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Gun Control's Final Exam

This week will determine whether the House follows the Senate's lead in closing gun-show loopholes, making it harder for children to obtain firearms and taking other limited, but reasonable, steps on gun control.

The issue, which splits members along regional and party lines, has already reached "demagoguery" on the decibel meter. President Clinton and Congress's Democratic leaders charge that the main GOP amendment to this juvenile-justice bill was ghostwritten by the National Rifle Association. For their part, the NRA and gun-control opponents misrepresent the Senate bill's effects.

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The draft penned by House Judiciary Committee Chairman Henry Hyde (R) of Illinois is weaker than the Senate measure, but it contains provisions - parental liability when children commit crimes with parents' guns and a 72-hour waiting period for gun-show background checks - that have the NRA seeing red. And none of the Senate bill's measures - including mandatory background checks at gun shows, locks on handguns, and a ban on importing high-capacity ammunition clips - runs afoul of Second Amendment rights.

The Senate bill passed only with Vice President Al Gore casting a tie-breaking vote. The House will have tougher going: While Senate minority leader Tom Daschle had all but one Democrat on board, his House counterpart, Richard Gephardt, has 30 to 40 anti-gun-control Democrats to contend with. On the GOP side, Speaker Dennis Hastert is juggling three or four different factions.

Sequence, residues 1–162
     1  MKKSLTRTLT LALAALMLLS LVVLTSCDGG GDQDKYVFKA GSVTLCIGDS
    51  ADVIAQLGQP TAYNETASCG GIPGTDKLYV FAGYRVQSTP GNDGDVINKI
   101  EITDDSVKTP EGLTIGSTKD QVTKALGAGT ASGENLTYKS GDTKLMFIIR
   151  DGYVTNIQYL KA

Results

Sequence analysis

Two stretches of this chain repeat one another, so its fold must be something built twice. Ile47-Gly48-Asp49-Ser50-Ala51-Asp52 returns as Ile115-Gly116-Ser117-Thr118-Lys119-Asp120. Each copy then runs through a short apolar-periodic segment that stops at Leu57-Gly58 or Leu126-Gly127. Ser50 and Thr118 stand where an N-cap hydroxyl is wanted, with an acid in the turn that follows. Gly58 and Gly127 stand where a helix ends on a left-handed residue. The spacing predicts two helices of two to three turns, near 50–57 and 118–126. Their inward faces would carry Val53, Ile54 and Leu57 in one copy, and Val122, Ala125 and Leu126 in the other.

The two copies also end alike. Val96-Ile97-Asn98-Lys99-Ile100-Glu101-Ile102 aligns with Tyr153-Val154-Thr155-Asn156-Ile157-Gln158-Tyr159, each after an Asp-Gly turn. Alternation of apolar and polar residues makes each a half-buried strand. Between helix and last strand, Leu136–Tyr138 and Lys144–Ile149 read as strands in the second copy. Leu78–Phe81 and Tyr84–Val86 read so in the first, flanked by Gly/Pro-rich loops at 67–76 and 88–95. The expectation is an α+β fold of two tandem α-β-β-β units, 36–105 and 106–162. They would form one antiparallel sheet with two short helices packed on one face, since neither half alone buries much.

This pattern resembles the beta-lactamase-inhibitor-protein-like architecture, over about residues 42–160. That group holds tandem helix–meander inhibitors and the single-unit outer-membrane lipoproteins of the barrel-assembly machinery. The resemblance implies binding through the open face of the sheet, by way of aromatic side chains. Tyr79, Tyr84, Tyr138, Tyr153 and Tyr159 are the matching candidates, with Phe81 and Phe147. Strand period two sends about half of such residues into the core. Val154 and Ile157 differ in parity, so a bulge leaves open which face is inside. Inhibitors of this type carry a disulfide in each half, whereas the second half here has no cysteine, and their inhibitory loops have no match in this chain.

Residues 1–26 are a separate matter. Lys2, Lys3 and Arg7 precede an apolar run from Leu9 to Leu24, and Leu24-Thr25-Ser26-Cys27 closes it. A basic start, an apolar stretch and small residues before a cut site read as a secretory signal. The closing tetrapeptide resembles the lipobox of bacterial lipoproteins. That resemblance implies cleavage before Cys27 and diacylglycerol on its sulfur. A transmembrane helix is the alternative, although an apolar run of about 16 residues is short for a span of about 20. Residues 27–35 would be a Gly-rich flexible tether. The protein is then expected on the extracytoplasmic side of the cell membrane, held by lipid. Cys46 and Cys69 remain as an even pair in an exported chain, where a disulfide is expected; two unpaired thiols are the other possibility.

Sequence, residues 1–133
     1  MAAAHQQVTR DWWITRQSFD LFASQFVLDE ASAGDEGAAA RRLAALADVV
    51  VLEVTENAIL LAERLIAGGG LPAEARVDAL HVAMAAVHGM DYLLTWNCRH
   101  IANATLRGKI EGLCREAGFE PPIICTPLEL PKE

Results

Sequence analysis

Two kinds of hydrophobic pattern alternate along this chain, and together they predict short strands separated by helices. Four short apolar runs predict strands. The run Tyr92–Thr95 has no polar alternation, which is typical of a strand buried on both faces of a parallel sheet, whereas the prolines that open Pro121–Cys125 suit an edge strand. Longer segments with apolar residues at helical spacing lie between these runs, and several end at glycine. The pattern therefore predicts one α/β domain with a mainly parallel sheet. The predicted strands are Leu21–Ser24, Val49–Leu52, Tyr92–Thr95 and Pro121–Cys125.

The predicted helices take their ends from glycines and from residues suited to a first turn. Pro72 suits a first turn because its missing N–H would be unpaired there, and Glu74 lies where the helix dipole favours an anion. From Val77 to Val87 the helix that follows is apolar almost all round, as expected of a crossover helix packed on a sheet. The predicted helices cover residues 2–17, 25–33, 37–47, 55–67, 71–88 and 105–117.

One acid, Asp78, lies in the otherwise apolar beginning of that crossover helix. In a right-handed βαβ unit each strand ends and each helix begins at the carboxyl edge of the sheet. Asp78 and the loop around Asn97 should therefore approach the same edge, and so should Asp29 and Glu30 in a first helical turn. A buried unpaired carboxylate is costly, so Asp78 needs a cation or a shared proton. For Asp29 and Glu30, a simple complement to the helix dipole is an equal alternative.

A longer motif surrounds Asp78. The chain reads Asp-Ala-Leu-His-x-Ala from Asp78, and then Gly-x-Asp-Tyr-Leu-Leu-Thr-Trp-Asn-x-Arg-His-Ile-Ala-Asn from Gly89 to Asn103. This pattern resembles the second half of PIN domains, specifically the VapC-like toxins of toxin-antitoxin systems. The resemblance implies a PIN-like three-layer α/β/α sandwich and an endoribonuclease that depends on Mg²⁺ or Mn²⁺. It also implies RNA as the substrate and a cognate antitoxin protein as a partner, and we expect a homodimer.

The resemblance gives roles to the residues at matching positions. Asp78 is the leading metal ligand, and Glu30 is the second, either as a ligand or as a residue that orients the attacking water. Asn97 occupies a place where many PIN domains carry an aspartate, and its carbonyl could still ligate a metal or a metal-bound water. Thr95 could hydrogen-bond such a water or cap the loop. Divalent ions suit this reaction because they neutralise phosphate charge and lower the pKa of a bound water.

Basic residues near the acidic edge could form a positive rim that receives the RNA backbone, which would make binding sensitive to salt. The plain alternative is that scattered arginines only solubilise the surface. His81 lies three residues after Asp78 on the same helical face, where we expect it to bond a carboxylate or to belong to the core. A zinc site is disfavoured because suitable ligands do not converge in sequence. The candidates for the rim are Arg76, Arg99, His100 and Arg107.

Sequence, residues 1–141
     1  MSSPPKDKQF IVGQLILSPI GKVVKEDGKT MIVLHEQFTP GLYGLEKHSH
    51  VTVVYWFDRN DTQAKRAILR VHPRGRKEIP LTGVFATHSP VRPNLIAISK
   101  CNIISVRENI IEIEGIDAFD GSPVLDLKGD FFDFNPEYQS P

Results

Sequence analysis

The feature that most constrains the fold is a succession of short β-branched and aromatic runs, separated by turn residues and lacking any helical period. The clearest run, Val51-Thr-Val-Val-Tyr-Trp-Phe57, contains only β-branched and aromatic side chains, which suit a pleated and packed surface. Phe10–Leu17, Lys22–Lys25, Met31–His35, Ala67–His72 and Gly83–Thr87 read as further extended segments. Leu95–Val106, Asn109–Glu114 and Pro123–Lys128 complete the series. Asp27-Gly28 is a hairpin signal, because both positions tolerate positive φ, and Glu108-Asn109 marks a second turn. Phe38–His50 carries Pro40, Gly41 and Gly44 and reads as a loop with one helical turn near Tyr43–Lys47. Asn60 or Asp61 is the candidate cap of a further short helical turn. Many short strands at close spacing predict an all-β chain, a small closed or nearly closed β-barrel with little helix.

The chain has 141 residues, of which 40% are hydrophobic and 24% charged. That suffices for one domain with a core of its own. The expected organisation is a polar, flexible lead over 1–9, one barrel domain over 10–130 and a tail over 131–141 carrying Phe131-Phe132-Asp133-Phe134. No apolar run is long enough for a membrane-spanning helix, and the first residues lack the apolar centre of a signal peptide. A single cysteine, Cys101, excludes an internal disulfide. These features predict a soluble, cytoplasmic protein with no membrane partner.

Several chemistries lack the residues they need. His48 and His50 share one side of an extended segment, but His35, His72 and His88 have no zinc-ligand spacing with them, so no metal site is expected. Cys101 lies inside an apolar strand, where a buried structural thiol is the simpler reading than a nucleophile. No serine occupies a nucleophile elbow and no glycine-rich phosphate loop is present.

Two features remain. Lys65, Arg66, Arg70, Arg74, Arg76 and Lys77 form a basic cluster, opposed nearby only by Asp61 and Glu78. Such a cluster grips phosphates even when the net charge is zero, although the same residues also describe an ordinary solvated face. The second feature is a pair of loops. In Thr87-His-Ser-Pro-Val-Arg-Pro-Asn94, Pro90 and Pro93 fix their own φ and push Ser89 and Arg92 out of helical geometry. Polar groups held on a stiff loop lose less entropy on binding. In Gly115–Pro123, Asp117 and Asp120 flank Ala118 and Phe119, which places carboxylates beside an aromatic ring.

The danger for Republicans is that the House might pass nothing. That would leave them vulnerable to broadsides from the White House and Hill Democrats that will resonate with a public still sharply aware of the recent high-school shootings.

Further complicating the issue is a series of amendments on entertainment-industry practices. Disputes between liberals and conservatives could scuttle the overall bill, even if gun-control amendments pass.

Neither party's leadership is whipping the issue, which should leave each member free to vote his or her conscience. The best outcome would be adoption of the Senate package.

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